By Candus Thomson, The Baltimore Sun
5:31 PM EDT, July 16, 2011
Sydney Wilner of Anne Arundel County asks: We have a mystery with no plausible solution: Who or what is stealing the bait from our crab traps? Not just mine, but my neighbors' and, we hear, all the way from South River to Mill Creek.
Neighbors first suspected a human, but that's not possible considering the extent of the thievery. My next-door neighbor is convinced it's an otter or muskrat, but have you ever heard of a muskrat that can not only open the bait door, but also neatly close and strap the bungee cord back on?
Bait is either chicken parts or chopped-up perch, makes no difference — and the thief does not take the crabs (if any). My husband says there can be no other explanation than micro-sized, flesh-eating piranha put in the Bay by Al-Qaeda to damage our crab economy. I don't believe it, or should I?
Outdoors Girl suggests staying out of the water and away from those mini-piranha.
For an answer, she turned to a man of science, DNR critter czar Paul Peditto, for some clearheaded thinking. Peditto replied: River otter will invade pots to steal the live fish and crabs inside but they typically will leave a tell-tale clue (i.e., your trap will be bent where they wedged it open to grab their lunch). I suspect that is what's occurring here and the bait is then falling through the "otter opening." Reinforce the trap with some additional hog rings (available at your local hog-ring outlet store or nearby hardware/sporting goods retailer) and use whole fish (alewives are best) or larger bony chicken parts (necks/backs) rather than cutting up the fish/chicken into smaller chunks.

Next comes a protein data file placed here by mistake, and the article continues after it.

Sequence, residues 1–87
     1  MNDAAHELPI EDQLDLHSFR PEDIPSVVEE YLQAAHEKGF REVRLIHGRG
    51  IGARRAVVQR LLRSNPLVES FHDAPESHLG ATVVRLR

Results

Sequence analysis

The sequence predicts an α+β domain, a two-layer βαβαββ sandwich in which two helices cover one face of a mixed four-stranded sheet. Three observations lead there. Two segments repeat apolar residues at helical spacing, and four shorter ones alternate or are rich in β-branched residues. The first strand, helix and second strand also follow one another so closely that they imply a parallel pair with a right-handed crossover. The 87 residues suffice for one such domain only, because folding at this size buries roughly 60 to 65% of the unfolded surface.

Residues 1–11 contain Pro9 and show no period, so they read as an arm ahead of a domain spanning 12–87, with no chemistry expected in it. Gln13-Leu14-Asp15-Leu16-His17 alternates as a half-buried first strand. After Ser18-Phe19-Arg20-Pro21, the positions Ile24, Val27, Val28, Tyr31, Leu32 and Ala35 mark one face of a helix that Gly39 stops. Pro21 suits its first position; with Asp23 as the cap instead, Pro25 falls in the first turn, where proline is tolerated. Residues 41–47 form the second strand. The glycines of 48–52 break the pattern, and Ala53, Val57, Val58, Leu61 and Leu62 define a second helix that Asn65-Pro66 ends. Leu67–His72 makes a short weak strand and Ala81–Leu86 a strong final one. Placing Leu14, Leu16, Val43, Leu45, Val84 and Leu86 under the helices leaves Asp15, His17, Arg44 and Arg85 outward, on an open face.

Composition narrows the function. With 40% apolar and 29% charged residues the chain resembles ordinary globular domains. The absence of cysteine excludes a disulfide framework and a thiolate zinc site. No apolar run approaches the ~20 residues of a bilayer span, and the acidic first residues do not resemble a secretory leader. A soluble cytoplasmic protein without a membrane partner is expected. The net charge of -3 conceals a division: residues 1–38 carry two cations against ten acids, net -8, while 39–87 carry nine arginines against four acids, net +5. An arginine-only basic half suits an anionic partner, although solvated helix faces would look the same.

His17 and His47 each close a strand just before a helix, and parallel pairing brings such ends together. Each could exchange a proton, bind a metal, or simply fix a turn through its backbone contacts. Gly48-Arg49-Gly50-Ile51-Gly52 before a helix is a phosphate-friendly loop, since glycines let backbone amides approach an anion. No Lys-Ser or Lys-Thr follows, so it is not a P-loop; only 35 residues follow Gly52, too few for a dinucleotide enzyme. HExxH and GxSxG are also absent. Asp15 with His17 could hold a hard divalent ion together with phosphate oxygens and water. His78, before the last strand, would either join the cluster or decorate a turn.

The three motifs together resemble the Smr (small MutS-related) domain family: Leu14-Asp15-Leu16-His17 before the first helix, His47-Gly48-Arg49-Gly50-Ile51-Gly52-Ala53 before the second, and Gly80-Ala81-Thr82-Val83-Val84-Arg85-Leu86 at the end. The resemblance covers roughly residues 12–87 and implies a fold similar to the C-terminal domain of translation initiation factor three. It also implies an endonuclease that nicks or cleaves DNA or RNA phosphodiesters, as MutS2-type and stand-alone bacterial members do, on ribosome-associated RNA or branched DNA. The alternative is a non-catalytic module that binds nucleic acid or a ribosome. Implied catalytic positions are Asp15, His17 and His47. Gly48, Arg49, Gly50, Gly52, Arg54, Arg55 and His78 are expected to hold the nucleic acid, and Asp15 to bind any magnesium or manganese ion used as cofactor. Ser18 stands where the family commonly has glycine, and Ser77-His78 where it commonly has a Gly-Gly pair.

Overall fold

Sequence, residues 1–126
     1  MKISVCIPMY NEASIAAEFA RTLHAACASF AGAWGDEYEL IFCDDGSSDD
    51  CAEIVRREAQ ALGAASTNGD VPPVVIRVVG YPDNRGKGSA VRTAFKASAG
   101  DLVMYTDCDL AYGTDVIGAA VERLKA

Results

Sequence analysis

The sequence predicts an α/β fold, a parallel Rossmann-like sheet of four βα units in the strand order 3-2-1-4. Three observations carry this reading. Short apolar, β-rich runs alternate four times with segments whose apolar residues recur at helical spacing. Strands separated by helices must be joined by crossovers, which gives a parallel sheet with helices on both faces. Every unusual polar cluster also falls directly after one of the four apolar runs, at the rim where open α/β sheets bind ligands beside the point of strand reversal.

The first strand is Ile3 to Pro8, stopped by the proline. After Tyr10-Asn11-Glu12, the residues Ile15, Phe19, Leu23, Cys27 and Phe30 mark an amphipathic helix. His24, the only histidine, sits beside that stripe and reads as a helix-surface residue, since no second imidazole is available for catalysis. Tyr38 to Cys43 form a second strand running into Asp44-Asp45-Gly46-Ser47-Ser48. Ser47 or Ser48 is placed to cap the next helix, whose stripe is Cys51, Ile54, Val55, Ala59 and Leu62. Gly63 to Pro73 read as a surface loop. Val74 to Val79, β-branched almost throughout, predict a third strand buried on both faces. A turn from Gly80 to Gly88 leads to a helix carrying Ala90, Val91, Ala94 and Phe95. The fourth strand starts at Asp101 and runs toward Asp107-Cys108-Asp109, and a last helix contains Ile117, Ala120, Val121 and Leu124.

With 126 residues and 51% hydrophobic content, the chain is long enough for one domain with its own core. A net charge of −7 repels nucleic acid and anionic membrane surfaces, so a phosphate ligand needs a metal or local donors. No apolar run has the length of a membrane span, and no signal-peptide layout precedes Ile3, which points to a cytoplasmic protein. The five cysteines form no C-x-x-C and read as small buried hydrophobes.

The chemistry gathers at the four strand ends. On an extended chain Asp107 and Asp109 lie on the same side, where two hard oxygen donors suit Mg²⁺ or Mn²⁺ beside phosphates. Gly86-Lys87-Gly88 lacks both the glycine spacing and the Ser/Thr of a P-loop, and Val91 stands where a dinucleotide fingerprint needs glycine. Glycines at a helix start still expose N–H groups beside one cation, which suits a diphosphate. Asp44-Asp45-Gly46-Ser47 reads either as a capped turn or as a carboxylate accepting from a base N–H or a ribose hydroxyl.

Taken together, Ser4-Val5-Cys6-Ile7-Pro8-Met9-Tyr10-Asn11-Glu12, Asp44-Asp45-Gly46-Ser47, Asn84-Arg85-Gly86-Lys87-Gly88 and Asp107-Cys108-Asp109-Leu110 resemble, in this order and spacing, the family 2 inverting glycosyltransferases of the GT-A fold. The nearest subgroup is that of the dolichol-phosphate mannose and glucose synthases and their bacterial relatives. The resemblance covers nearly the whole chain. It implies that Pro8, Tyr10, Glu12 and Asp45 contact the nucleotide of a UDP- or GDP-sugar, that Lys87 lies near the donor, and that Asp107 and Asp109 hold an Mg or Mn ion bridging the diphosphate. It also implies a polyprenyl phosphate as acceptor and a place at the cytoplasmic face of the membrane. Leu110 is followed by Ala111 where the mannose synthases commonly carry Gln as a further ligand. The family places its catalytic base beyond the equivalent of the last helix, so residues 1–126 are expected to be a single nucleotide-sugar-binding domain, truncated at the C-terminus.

Muskrat will also eat small fish and crabs but are more likely seen eating grasses and sedges in our part of the world. They are also less likely to be the bad guys in this situation since they tend to be more passive than otters when it comes to finding chow.
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